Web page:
February 5, 2018

Northeast False Creek Plan and View Corridors~The View From Larry Beasley & Neal LaMontagne

The Northeast False Creek Plan is currently before City Council and city staff are recommending three tall towers that will pierce the 300 foot height limit established for the site under the Vancouver View Corridor Policy. The rationale for the two 425 foot, 48 storey towers at the intersection of Georgia and Pacific (and these are the words of the Council report) are to provide a “counterpoint”and a “gateway”. Just to balance things out another over height 400 foot tower is also proposed, as if to make the two 48 storey towers less obtrusive. You can view the plan here.
There are a lot of finer ways to make a focal point or gateway without building through the view corridor policy that has been so carefully defined and adhered to by previous city planners and councils. The whole point of the View Corridor Policy and the establishment of view cones was to ensure views of the mountains, sea, and adjoining areas from different vantage points in the city. To suggest this is negotiable is just the same as telling developers they can build roof top gardens instead of providing contributions to park acquisition. Look at Sydney Australia where wayfinding is challenging due to tall buildings and the lack of any view policy protecting harbour views and corridors. Is this Vancouver’s future?

IMG_5385“While checking in on Twitter yesterday, I caught an interesting tweet by Larry Beasley on view cones and corridors. I thought it was worth a post:

If Vancouverites were to weigh in on what public amenities matter to them, the view cones will be right up there with the seawall and beaches as a treasured public asset. Instead of cramming more housing in where it is crowded and blocks views, lets open up some new communities.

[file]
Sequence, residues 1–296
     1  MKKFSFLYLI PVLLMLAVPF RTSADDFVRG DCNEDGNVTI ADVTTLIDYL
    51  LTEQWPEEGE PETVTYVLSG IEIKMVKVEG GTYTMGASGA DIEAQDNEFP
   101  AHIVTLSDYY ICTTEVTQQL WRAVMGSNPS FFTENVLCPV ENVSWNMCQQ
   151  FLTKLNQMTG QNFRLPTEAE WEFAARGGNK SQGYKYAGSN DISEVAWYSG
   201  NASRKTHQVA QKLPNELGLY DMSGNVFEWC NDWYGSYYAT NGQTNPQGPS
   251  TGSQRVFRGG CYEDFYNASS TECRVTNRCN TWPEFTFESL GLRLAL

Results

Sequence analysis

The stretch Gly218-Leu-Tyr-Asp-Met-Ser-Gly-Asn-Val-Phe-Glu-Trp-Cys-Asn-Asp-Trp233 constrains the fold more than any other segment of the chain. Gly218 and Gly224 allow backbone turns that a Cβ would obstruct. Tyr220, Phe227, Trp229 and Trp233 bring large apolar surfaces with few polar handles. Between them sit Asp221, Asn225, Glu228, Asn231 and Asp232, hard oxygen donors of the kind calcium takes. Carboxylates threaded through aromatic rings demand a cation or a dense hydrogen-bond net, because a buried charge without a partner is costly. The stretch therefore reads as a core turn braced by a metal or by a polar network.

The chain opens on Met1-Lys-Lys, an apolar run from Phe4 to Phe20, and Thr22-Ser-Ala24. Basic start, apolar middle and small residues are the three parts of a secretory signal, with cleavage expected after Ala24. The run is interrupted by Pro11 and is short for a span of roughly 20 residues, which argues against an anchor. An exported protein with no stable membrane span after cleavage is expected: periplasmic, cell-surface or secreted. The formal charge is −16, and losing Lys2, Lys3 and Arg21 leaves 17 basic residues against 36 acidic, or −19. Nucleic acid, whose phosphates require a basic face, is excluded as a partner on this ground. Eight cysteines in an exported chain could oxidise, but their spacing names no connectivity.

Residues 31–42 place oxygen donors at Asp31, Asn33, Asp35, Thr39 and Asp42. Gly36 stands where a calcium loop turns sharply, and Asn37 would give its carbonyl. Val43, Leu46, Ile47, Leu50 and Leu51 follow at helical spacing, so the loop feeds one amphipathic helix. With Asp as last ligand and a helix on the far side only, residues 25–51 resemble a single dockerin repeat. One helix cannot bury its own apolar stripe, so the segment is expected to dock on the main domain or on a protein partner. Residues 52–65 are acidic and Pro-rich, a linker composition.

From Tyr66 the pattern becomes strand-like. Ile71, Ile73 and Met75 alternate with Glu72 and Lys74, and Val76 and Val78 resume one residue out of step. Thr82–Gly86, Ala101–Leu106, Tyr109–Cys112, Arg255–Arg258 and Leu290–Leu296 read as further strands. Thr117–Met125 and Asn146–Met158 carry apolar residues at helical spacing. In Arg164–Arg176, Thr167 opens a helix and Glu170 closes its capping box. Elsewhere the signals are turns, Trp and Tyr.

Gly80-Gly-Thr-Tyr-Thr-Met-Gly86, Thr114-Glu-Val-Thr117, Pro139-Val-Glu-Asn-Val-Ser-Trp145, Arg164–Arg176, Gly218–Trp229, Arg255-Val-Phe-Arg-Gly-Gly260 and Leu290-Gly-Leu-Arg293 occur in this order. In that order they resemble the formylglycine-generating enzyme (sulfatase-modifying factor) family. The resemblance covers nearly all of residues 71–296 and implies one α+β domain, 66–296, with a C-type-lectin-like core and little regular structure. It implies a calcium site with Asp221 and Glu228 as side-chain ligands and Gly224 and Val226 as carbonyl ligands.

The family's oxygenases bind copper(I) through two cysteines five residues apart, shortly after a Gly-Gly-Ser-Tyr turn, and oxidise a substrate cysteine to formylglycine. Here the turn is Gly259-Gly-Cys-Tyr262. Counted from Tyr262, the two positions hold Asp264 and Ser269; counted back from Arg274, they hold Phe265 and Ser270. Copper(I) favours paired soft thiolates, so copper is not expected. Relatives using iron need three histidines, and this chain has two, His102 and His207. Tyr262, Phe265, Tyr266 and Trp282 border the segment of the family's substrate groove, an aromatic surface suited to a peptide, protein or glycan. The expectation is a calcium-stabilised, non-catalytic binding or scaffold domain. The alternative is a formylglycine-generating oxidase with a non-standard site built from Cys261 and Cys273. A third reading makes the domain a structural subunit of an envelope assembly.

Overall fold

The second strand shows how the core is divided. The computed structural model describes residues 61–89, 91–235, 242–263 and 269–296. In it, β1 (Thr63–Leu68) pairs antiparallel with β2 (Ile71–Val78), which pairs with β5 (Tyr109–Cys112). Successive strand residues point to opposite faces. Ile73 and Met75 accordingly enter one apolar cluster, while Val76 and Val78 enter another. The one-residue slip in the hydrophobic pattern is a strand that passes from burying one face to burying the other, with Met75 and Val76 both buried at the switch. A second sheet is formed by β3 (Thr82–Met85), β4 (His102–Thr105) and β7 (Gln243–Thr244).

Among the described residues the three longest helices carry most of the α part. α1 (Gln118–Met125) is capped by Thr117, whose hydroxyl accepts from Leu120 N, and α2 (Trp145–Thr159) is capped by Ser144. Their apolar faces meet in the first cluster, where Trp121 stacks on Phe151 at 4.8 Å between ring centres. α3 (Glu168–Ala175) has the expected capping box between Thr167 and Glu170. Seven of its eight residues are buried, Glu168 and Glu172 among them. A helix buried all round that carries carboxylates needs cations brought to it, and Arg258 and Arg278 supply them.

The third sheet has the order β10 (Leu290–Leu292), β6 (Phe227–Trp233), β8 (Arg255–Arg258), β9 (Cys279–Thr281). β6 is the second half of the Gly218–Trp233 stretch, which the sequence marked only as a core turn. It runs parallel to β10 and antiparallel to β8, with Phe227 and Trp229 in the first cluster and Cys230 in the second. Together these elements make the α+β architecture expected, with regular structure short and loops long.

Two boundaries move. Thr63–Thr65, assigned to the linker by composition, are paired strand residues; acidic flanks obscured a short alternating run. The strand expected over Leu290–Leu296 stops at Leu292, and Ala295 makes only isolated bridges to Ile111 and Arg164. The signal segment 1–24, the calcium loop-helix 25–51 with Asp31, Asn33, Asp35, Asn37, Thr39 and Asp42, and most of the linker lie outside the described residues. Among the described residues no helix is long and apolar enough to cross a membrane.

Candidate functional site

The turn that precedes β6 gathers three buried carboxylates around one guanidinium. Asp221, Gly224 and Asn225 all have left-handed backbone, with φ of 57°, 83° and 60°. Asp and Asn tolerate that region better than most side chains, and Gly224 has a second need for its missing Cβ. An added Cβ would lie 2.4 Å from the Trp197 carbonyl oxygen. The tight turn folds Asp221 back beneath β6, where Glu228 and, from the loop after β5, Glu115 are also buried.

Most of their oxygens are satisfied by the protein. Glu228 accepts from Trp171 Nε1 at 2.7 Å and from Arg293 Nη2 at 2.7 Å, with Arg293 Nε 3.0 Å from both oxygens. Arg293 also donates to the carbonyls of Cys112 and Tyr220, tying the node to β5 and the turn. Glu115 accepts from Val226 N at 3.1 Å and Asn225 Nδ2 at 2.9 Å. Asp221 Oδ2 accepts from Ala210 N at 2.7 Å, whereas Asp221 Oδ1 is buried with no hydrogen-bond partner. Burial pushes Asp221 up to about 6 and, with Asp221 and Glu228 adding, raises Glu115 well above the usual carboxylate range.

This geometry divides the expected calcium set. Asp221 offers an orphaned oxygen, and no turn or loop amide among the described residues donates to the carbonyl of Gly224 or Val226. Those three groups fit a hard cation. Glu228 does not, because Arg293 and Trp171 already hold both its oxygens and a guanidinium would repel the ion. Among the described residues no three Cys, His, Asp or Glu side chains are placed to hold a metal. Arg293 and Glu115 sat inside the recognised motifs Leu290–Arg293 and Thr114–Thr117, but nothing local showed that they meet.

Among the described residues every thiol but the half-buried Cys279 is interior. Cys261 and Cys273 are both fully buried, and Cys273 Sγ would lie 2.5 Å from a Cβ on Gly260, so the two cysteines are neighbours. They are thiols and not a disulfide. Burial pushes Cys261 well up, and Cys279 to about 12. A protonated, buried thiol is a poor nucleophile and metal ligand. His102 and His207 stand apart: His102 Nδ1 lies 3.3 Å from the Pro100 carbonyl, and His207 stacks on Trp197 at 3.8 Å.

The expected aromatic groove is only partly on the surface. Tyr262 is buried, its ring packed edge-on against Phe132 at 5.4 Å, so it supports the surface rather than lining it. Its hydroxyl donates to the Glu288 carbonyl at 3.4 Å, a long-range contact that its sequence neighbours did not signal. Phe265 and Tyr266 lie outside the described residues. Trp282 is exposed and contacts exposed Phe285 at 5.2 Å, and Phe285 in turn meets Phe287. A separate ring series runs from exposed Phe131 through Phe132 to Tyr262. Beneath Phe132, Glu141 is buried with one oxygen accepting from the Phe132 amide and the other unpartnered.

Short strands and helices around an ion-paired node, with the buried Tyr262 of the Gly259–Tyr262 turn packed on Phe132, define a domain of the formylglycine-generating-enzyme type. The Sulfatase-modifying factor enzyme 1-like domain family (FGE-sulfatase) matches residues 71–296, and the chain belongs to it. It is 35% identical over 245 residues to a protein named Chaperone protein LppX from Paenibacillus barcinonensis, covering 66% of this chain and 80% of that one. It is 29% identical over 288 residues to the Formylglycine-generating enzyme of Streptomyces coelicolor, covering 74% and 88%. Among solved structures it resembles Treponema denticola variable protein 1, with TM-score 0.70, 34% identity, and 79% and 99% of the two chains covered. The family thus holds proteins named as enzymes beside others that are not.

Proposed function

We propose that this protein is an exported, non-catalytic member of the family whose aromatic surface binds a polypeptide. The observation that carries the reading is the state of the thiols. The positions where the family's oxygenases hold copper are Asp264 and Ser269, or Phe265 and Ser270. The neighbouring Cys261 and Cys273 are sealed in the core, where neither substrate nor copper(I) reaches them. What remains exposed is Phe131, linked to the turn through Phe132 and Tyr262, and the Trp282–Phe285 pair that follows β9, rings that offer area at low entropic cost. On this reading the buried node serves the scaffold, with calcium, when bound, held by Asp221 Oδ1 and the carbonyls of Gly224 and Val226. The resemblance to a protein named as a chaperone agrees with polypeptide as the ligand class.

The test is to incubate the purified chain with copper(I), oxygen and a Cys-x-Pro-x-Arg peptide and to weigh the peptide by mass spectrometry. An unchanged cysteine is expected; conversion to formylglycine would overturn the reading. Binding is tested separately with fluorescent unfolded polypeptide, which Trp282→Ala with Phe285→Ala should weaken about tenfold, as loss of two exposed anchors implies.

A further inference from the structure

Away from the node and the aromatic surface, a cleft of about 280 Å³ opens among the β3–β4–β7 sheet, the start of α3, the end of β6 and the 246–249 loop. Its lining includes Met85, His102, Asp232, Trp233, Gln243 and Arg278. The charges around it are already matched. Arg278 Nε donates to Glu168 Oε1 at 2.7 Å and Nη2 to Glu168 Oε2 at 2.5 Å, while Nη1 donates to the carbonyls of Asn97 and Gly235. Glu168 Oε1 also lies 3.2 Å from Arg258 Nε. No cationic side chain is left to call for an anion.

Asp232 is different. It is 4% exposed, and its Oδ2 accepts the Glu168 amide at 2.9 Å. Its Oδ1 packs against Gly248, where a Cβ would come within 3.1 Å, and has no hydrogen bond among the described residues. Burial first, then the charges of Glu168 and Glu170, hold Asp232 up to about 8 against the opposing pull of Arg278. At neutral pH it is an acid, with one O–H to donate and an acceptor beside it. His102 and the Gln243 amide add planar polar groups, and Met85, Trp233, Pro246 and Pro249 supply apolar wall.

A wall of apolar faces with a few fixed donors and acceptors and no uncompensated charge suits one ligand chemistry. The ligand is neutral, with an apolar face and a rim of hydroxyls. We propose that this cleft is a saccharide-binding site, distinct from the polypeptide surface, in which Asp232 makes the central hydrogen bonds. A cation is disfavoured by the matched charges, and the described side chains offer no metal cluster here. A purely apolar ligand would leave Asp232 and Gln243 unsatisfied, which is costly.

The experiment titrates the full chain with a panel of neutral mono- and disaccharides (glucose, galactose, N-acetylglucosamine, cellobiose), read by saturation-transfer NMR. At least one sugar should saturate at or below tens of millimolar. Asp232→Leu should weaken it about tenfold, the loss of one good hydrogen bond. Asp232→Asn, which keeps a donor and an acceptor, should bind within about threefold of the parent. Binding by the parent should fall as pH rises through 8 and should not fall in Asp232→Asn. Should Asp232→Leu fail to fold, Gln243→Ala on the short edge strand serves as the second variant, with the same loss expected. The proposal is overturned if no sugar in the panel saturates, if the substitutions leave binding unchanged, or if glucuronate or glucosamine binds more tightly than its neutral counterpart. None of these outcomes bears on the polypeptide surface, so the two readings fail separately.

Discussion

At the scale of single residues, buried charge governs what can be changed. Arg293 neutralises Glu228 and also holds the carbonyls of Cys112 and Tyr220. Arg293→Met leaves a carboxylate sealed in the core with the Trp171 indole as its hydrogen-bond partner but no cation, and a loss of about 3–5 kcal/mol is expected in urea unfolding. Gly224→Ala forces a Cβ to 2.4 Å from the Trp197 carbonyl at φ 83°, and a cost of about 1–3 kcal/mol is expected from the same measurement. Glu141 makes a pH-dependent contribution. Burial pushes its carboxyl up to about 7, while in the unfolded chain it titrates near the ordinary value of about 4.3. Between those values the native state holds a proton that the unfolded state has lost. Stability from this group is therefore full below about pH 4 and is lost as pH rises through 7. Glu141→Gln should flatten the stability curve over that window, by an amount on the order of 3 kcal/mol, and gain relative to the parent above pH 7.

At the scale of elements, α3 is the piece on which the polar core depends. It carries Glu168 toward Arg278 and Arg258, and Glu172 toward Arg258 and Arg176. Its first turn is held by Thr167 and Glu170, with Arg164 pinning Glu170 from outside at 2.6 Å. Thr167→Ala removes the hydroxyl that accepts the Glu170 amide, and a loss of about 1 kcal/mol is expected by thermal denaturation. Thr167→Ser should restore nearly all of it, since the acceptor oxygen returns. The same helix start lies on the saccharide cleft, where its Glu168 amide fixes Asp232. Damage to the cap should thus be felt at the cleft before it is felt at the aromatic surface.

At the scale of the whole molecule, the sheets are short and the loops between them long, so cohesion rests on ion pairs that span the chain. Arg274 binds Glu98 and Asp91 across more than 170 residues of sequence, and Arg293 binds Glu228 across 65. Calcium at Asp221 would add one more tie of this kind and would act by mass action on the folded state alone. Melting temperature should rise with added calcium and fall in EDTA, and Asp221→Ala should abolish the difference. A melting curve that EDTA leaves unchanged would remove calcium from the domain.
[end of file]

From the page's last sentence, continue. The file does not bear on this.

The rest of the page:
As always, Larry provides a insightful and thoughtful perspective (filtered, as always, through his own distinctive point-of-view). My own take is similar as I’ve come to truly appreciate the value of the view corridors. Although I am less enthusiastic about their value in maintaining specific views (the views you see when you stand in just the right spot), they have a hugely valuable role in creating a dynamic quality to our downtown towerscape. View corridors are part of a wonderful Vancouver tradition of maintaining a sequence of views, from the intimate (outside the window) to the neighbourhood, to the broader (city and nature) and they create variation in the towerscape that would be difficult to achieve otherwise.
I am sensitive to arguments to rethink the view corridors. Many people I speak with are surprised that they are as intensely enforced as they are, but in a City with a great tradition of discretionary planning and where the spirit of the law is more important the specifics of the letters, view corridors are often absolute. Speaking from the perspective of a member of Vancouver’s Urban Design Panel, there are often projects where we are frustrated by the specific application of the corridors. But on the whole, they serve the city well and must be vigorously defended.”

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  1. Isn’t every street a view corridor, regardless of building heights ?
    The whole idea makes no sense in a city with a grid based street pattern.

  2. Wise words from my former colleagues.
    And, no, not every street is a view corridor, especially in the NEFC plan, where the long-standing policy of a straight alignment of Abbott Street to False Creek is intentionally curved away from False Creek and, further, blocked with one of those overheight and bulky buildings the Larry rails against.

    1. It is effectively unfortunate,
      do you the rationale for that?
      the only reason I see is to facilitate car circulation in the huge “block haus”
      but seen from science world vantage point, it looks like separating the city of its water front.

      1. Voony – the planners say it is to force people using Abbott Street toward the new waterfront park, rather than directly to the False Creek Seawall, which is clearly my preference. Oh, and also to create an opportunity from a very large building footprint in the alignment.

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  4. As much as all my previous comments said infringing on view cones was just lazy design I can kind of see how this one might be useful.
    It almost becomes like public art.
    It’s like when they revisited downtown building heights and allowed sporadic taller towers to ensure we didn’t end up with a ‘flat’ downtown.
    If it’s something the city wants for aesthetic reasons vs what a developer wants to make more money then I’m more inclined to like it (not that my opinion is going to hold much sway 🙂

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